About Fredericksburg, Virginia
Fredericksburg and the surrounding jurisdictions are more than bedroom communities for commuters in Northern Virginia. It’s the home Mary Washington and the University of Mary Washington. Ferry Farm, George Washington’s childhood home, is on the bank of the Rappahannock River in Stafford County. Other notable residents include: Revolutionary War Generals Hugh Mercer and George Weedon, and the first U.S. naval war hero Captain John Paul Jones. James Monroe practiced law in Fredericksburg before becoming President, and Thomas Jefferson drafted the Virginia Statute for Religious Freedom in Fredericksburg. There were two major Civil War battles in Fredericksburg, and Confederate trenches and artillery pieces can be seen everywhere.
Important Fredericksburg Websites
These links give local government and visitor information:
Photographs of Fredericksburg Virginia
The main points of interest in the City of Fredericksburg are in the below links:
- Click here for more photographs and details related to the Fredericksburg Historic District.
- Click here for Mary Washington University photographs and information.
- Click here for photographs of Mary Washington Hospital Campus and the Fall Hill section of Fredericksburg.
- Click here for photographs of Salem Church Battlefield.
- Click here for photographs of Fredericksburg Battlefield and Lee’s Hill.
This photograph illustrates the Historic District of the city of Fredericksburg, Virginia. This view is from the heights of historic Chatham Manor in Falmouth, Virginia (Stafford County). The Rappahannock River lies between these two points, and became a major obstacle for military operations between Washington, D. C. and Richmond, Virginia. The steeple of St. Georges Episcopal Church (c. 1815) on Princess Anne Street is shown in the center while the Fredericksburg City Circuit Court House (c. 1851) is on the left.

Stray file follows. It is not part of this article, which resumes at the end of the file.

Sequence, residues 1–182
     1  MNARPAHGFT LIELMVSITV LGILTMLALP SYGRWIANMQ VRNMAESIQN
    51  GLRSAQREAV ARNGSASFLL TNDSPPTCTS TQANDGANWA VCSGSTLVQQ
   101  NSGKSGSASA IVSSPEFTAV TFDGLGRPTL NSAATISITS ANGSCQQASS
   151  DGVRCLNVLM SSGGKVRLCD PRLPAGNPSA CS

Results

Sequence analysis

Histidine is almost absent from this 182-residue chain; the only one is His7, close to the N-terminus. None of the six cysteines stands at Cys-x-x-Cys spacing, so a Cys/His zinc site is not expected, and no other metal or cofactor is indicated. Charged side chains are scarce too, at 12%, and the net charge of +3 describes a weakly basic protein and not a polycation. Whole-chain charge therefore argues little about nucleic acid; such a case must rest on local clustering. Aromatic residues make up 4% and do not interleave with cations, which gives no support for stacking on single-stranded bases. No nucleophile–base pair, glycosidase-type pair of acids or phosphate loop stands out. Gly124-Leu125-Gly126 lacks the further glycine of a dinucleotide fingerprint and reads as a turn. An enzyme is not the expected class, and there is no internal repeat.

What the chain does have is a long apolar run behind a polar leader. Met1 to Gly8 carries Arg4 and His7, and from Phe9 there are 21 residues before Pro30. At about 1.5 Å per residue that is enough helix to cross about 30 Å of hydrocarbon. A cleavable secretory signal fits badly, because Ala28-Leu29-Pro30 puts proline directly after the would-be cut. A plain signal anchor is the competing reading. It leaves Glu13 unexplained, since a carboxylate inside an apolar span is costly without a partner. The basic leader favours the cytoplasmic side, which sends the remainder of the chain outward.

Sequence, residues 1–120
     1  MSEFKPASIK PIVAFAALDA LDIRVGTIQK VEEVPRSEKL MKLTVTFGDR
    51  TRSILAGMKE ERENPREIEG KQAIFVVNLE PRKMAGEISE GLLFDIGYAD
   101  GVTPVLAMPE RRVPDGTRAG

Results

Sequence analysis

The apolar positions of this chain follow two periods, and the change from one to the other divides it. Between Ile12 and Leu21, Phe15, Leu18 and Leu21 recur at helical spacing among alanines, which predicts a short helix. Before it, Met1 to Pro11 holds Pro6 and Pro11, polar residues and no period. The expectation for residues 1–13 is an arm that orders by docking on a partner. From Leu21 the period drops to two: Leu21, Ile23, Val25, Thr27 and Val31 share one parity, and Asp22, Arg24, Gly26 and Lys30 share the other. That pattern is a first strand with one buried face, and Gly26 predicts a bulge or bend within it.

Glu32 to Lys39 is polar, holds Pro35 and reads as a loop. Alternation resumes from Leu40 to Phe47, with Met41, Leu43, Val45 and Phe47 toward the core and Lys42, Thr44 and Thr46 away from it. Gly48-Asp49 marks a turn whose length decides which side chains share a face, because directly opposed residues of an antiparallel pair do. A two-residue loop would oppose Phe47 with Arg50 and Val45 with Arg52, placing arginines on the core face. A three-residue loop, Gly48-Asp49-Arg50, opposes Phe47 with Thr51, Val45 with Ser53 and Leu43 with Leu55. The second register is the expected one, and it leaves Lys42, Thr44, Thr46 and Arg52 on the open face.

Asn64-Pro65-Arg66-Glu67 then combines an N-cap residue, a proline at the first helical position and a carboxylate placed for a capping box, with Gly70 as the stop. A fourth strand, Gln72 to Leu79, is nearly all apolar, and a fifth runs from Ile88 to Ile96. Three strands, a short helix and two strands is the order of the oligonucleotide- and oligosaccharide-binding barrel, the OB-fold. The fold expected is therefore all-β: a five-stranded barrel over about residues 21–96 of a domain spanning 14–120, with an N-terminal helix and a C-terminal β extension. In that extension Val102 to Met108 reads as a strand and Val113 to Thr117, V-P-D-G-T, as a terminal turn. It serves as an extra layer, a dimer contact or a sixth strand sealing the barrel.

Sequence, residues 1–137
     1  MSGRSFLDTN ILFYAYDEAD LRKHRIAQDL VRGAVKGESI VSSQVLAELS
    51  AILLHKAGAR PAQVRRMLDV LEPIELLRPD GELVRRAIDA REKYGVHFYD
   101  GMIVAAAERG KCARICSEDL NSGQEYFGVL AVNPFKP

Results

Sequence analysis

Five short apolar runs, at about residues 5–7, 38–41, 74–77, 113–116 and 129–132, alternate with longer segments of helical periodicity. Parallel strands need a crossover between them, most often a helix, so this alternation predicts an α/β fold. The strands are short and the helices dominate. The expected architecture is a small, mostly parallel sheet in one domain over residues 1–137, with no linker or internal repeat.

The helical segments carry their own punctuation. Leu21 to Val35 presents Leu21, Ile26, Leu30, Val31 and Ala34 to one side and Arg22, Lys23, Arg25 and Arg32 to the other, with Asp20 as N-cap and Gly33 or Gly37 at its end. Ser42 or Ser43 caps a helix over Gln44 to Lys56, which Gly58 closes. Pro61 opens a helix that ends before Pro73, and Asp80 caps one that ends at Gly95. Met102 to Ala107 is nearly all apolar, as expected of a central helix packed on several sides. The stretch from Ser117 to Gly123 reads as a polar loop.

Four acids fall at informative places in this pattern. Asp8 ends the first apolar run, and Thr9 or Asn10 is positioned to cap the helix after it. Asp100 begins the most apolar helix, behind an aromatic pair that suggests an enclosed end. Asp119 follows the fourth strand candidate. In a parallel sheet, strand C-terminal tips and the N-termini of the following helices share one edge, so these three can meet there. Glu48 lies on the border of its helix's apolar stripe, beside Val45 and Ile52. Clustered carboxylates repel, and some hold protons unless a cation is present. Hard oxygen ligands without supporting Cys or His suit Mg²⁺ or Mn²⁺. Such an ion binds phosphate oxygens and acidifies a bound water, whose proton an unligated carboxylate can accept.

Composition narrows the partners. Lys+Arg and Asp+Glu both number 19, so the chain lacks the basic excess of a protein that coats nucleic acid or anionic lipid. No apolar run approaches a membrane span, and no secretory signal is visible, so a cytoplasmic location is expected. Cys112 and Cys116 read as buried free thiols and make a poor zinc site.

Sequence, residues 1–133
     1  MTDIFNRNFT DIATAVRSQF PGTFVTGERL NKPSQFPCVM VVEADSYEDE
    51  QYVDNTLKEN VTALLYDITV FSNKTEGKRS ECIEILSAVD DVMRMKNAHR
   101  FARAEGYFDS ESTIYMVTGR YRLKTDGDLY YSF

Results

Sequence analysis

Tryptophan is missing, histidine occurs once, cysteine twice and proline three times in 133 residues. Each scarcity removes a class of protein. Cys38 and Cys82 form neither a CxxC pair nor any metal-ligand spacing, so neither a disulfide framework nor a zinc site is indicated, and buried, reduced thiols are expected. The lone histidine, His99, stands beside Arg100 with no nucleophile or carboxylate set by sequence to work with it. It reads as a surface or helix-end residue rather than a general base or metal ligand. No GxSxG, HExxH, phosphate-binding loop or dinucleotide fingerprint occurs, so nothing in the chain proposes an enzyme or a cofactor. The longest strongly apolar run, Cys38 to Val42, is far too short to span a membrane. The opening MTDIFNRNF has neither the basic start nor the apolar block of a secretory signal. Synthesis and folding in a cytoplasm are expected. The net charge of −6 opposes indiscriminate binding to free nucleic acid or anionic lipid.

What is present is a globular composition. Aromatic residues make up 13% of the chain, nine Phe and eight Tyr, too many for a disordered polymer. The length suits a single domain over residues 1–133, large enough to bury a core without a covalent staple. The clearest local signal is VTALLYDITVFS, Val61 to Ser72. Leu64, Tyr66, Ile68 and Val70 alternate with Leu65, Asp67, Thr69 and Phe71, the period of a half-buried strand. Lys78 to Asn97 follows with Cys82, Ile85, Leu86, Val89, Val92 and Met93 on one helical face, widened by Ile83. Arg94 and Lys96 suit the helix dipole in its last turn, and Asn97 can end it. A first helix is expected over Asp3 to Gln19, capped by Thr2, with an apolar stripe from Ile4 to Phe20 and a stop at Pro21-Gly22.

On February 25, 1834 the Virginia Assembly incorporated the Richmond, Fredericksburg, and Potomac Railroad (RF&P) which operated this same track. The RF&P Railroad ran between Richmond, Fredericksburg, and the northern terminal at Aquia Creek and the Potomac River. The railroad bridge shown here (c. 1925) over the Rappahannock River now connects the Spotsylvania commuter rail station at Routes 2 and 17 and the Fredericksburg station in the city’s historic district, to Virginia Railway Express (VRE) stations in Stafford County at Leeland Station, and Brooke. The VRE Fredericksburg Line continues north into Prince William County where stops include the town of Quantico and Marine Corps Base Quantico, Potomac Shores (2017), Rippon, and Woodbridge. Commuter stations further north include Lorton, and Franconia/Springfield (Fairfax County), and rail stations in Alexandria, Virginia and Crystal City, Virginia. There are also two destinations in Washington, D. C. at L’Enfant Plaza and Union Station.
Have questions about Fredericksburg real estate statistics, available homes (including new subdivisions), home values, and selling homes? Call The Moyers Team today and we will be glad to answer any questions you may have. Reach us at 540-379-7359.